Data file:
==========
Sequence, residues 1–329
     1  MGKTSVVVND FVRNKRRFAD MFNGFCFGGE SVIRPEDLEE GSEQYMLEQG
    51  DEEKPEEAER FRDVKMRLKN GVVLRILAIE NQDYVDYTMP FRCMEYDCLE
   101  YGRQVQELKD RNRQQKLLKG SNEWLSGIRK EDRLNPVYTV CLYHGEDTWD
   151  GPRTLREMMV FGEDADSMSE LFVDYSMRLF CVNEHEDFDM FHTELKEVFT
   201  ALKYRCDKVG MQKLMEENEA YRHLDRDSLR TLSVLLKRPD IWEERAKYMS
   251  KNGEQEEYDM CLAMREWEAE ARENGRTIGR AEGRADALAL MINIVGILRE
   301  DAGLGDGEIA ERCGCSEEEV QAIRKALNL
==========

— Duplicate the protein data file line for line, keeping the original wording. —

Sequence, residues 1–329
     1  MGKTSVVVND FVRNKRRFAD MFNGFCFGGE SVIRPEDLEE GSEQYMLEQG
    51  DEEKPEEAER FRDVKMRLKN GVVLRILAIE NQDYVDYTMP FRCMEYDCLE
   101  YGRQVQELKD RNRQQKLLKG SNEWLSGIRK EDRLNPVYTV CLYHGEDTWD
   151  GPRTLREMMV FGEDADSMSE LFVDYSMRLF CVNEHEDFDM FHTELKEVFT
   201  ALKYRCDKVG MQKLMEENEA YRHLDRDSLR TLSVLLKRPD IWEERAKYMS
   251  KNGEQEEYDM CLAMREWEAE ARENGRTIGR AEGRADALAL MINIVGILRE
   301  DAGLGDGEIA ERCGCSEEEV QAIRKALNL